of certain trees and plants that grow in southeast Asia,
Ceylon, Liberia, and the Congo.


The sap is an emulsion containing 40% water & 60% rubber particles


Vulcanization occurs with the addition of sulfur (4%).


Sulfur produces cross
-
links to make the rubber stiffer and harder.


The cross
-
linkages reduce the slippage between chains and results in
higher elasticity.


Some of the double covalent bonds between molecules are broken,
allowing the sulfur atoms to form cross
-
links.


Soft rubber has 4% sulfur and is 10% cross
-
linked.


Hard rubber (ebonite) has 45% sulfur and is highly cross
-
linked.

Vulcanizable Rubber


Typical tire tread


Natural rubber smoked sheet (100),


sulfur (2.5) sulfenamide (0.5), MBTS (0.1), strearic acid (3), zinc
oxide (3), PNBA (2), HAF carbon black (45), and mineral oil (3)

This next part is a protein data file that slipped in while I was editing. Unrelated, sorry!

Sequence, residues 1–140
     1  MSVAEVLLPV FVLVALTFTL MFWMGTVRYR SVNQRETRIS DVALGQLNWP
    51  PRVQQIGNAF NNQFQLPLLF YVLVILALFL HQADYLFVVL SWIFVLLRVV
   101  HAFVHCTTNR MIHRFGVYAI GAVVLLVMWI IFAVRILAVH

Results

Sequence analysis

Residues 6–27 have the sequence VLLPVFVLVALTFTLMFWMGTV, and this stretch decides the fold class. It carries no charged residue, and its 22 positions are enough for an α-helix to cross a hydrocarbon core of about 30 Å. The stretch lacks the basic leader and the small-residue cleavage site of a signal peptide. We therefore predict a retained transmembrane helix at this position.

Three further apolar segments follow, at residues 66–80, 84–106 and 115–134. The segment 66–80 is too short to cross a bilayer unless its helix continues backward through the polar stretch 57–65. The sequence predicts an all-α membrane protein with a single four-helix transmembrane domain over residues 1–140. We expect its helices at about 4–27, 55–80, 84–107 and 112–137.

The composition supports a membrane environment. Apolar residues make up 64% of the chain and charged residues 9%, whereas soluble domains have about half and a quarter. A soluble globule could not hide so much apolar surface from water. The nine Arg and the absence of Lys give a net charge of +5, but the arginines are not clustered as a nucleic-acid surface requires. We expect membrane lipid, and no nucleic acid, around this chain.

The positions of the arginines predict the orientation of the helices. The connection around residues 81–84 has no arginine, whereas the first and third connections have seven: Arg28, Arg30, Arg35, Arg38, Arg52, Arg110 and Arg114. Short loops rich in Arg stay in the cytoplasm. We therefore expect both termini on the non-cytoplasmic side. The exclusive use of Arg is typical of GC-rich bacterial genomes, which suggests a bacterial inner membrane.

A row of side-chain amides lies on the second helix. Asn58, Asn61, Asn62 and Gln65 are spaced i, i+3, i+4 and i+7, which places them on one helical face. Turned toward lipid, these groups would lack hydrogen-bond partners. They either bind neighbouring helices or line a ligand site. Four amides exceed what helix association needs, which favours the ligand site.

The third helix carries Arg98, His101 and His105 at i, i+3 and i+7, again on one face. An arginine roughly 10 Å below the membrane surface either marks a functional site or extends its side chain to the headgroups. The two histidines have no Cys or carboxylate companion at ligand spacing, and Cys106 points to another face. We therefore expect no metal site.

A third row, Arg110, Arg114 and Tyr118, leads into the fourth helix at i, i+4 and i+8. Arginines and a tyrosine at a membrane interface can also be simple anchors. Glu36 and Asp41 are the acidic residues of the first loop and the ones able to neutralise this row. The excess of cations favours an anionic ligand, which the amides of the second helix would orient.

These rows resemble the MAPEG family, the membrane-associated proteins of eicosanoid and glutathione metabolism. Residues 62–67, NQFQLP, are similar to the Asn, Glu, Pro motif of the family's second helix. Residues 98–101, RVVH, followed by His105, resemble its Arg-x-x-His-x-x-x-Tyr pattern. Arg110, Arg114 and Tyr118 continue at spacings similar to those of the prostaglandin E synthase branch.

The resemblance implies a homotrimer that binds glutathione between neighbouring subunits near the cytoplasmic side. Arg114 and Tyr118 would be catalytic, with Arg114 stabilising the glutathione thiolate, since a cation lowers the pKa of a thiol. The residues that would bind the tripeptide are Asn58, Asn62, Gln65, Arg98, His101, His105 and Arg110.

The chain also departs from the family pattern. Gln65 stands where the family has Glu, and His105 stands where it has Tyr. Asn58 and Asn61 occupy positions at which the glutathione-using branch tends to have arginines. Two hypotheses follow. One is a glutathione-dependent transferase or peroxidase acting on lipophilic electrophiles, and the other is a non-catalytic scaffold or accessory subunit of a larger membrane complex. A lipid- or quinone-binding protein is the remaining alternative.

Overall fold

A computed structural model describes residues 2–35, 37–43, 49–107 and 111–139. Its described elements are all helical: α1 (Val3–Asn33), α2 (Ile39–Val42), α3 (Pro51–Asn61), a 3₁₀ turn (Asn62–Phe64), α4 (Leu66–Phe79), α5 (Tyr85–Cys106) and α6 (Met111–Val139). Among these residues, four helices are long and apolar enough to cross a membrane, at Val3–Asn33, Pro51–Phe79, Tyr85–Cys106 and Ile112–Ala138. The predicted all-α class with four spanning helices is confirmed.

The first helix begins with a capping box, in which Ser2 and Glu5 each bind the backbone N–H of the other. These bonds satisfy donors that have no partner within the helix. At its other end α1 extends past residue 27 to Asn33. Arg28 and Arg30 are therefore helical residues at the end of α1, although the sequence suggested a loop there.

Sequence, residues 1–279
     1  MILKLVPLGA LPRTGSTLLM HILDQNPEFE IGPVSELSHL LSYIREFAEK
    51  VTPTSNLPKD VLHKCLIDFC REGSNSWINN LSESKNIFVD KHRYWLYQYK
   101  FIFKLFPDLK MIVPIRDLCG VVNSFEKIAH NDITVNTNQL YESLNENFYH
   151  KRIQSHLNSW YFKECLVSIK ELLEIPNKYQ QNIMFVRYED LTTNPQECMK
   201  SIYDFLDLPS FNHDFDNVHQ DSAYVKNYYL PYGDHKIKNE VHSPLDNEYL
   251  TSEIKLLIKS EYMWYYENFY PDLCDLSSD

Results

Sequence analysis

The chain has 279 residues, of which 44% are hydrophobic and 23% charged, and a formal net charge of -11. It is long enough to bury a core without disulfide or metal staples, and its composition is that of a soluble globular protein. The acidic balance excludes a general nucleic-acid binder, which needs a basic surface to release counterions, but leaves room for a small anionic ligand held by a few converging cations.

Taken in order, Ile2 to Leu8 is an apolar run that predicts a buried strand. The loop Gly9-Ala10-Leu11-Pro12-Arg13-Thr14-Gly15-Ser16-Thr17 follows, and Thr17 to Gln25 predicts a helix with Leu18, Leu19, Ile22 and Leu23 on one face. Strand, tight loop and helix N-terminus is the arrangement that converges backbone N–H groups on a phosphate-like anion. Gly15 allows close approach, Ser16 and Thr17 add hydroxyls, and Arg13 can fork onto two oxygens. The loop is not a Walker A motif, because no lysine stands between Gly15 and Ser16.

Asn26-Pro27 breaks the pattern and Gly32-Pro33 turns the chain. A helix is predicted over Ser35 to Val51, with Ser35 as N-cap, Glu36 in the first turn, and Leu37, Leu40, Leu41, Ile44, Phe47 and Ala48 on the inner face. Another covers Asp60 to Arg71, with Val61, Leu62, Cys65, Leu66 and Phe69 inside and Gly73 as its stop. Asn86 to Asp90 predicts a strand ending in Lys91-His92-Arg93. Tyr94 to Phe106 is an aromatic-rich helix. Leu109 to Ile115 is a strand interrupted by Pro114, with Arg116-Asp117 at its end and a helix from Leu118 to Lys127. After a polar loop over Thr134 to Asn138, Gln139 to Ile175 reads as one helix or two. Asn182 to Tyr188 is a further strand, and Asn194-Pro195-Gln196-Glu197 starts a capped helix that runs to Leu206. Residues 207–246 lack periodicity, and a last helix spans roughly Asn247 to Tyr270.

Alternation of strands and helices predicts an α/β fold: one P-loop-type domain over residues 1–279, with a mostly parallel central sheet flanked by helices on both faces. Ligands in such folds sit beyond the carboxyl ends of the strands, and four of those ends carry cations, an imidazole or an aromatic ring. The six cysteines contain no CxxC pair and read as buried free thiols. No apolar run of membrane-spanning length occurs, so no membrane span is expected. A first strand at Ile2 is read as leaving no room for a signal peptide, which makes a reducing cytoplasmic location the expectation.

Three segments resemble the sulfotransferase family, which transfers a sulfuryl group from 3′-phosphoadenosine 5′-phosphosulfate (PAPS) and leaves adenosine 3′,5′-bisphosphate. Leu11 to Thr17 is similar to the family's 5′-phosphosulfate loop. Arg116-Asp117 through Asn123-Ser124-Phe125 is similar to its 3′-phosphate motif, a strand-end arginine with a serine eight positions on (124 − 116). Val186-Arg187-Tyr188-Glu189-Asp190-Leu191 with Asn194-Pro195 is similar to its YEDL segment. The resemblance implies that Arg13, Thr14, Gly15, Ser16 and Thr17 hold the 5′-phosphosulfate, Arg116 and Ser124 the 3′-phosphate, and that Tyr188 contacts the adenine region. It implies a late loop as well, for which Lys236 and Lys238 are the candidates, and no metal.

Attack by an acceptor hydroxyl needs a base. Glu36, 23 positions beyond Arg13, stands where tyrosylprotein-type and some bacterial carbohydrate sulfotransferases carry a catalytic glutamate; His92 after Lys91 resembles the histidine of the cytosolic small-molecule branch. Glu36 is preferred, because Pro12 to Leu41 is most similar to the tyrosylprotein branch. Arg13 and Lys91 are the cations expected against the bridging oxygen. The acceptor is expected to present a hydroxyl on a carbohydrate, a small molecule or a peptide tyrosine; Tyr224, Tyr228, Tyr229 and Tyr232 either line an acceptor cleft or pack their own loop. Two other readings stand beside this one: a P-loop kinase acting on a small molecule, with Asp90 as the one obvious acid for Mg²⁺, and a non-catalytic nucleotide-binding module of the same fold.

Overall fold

Typical shoe sole compound


SBR (styrene
-
butadiene
-
rubber) (100) and clay (90)


Typical electrical cable cover


polychloroprene (100), kaolin (120), FEF carbon black (15) and
mineral oil (12), vulcanization agent

Thermoplastic Elastomers


Polyurethanes


Have a hard block segment and soft block segment


Soft block corresponds to polyol involved in polymerization in ether based


Hard blocks involve the isocyanates and chain extenders


Polyesters are etheresters or copolyester thermoplastic
elastomer


Soft blocks contain ether groups are amorpous and flexible


Hard blocks can consist of polybutylene terephthalate (PBT)


Polyertheramide or polyetherblockamide elastomer


Hard blocks consits of a crystallizing polyamide


Soft

Hard

Hard

Hard

Soft

Soft

Testing Elastomers


Modulus is low for elastomers and rubbers


Fig 6
-
47, 6
-
48, 6
-
50


Modulus depends upon


Crosslinking = modulus


Temp = modulus


Rubbers have


large rubber region


Large elastic component


Can test over and over again


With same results


Modulus


(Pa)


or


(psi)

Temperature

-
50C

50C

100C

150C

200C

250C

Heavy crosslinking

Medium crosslinking

Low crosslinking

Tg

Tm

Modulus


(Pa)


or


(psi)

Rubbery Region

Tm

Tg

T
room

Stress

(Pa)or

(psi)

Strain

Low modulus

High modulus

Glasses and Ceramics Thermal


Viscosity
-

materials resistance to flow


Viscosity of glasses are between 50 and 500 P, whereas viscosity